environment correspondent
Alister's Feed
May 11, 2011

New Arctic naval challenges seen as ice thaws

OSLO (Reuters) – The navies of Arctic nations will face big challenges under a treaty due to be agreed Thursday to carve up responsibility for search and rescue in the fast-thawing region, Norway’s foreign minister said.

Jonas Gahr Stoere also told Reuters foreign ministers of the eight-nation Arctic Council, set to meet in Greenland, looked unlikely to resolve a dispute about whether to give outsiders such as China or Italy seats as permanent observers.

May 6, 2011

Except in China, coal loses in new power plants

OSLO (Reuters) – China is the big exception to a clear global shift away from the use of high-polluting coal in new power plants toward natural gas and renewable energies, a leading environmentalist said on Friday.

China has overtaken the United States as the top emitter of greenhouse gases in recent years, partly as it opens ever more coal-fired power plants to underpin fast economic growth. Coal emits large amounts of carbon dioxide when burned.

May 6, 2011

Rich nations miss U.N. climate finance deadline

OSLO (Reuters) – Rich countries have missed a U.N. deadline for outlining aid to help developing nations combat climate change.

Among industrialized nations, only Russia and Ukraine sent letters to the United Nations by the May 1 deadline — only to say they did not feel obliged to contribute under a deal to provide almost $30 billion in initial “fast-start” climate funds from 2010-12.

May 4, 2011

Exclusive: Renewable energies to leap, costs fall: UN

OSLO (Reuters) – Renewable energies such as wind or solar power are set to surge by 2050, and expected advances in technology will bring significant cost cuts, a draft United Nations report showed on Wednesday.

The most comprehensive U.N. overview of the sector to date said renewables excluding bioenergy, which is mainly firewood burned in developing nations for cooking and heating, could expand by three to 20 times by mid-century.

May 3, 2011

Seas could rise up to 1.6 metres by 2100: study

OSLO (Reuters) – Quickening climate change in the Arctic including a thaw of Greenland’s ice could raise world sea levels by up to 1.6 meters by 2100, an international report showed on Tuesday.

Such a rise — above most past scientific estimates — would add to threats to coasts from Bangladesh to Florida, low-lying Pacific islands and cities from London to Shanghai. It would also, for instance, raise costs of building tsunami barriers in Japan.

May 1, 2011

Project to track U.S. cellphones and TVs for recycling

OSLO (Reuters) – A new international project will try to track discarded U.S. cellphones, TVs and other electronic waste to help recycle everything from gold to rare earths and protect human health, U.S. and U.N. officials said on Sunday.

Many electronic items end up at the bottom of drawers at home when they break or get outdated. Many are shipped abroad for recycling. Others get dumped in normal trash bins and vanish into landfills or are incinerated, releasing toxins.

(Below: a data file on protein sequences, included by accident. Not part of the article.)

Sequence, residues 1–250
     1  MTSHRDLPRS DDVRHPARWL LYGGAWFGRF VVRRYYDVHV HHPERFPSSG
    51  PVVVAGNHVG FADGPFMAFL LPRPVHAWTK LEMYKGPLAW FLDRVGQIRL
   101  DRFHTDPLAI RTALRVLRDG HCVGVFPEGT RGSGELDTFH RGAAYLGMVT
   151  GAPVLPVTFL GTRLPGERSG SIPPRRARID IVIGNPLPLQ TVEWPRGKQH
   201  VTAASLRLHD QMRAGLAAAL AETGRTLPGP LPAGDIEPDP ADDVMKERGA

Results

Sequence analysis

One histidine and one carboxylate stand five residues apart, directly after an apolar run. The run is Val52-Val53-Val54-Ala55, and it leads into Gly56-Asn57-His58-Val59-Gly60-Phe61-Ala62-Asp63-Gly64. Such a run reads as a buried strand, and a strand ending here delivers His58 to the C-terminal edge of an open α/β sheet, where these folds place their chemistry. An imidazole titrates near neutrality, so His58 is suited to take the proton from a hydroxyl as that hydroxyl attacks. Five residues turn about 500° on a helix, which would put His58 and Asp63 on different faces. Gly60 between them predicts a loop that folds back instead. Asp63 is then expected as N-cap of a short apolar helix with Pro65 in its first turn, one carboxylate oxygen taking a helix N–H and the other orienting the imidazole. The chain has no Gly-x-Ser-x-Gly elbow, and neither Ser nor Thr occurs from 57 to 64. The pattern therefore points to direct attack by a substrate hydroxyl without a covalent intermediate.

May 1, 2011

Project to track US cellphones, TVs for recycling

OSLO, May 1 (Reuters) – A new international project will try
to track discarded U.S. cellphones, TVs and other electronic
waste to help recycle everything from gold to rare earths and
protect human health, U.S. and U.N. officials said on Sunday.

Many electronic items end up at the bottom of drawers at
home when they break or get outdated. Many are shipped abroad
for recycling. Others get dumped in normal trash bins and vanish
into landfills or are incinerated, releasing toxins.

Apr 28, 2011

Oslo urges more forest aid despite corruption risk

OSLO (Reuters) – Norway urged rich nations on Thursday to take risks and pay to slow deforestation in poor countries, saying there would hardly be a tree left in Congo if donors first wait for corruption to be eradicated.

Environment Minister Erik Solheim also reiterated calls for Jakarta to impose a strict two-year moratorium on new forest clearing to help implement a delayed $1 billion deal to slow deforestation agreed with Oslo in 2010.

Apr 27, 2011

Recession briefly axed greenhouse gases in 2009

OSLO (Reuters) – Recession drove industrialized nations’ greenhouse gas emissions down 5.6 percent in 2009 but analysts said the plunge may be a brief, misleading sign of progress in slowing climate change.

Emissions by about 40 nations fell to the equivalent of 16.5 billion tonnes of carbon dioxide in 2009 from 17.4 billion in 2008, and were a record 11.6 percent below the benchmark year of 1990, a Reuters compilation showed.

Apr 26, 2011

Rising seas scariest climate impact: Nauru’s Moses

OSLO (Reuters) – Sea level rise is the “most terrifying” impact of climate change and rich countries are showing scant leadership in addressing the threats, the incoming chair of a U.N. alliance of small island states said on Tuesday.

Marlene Moses, the U.N. ambassador of the Pacific island state of Nauru, the world’s smallest republic, urged developed countries to do far more to cut their greenhouse gas emissions and to provide climate aid to developing states.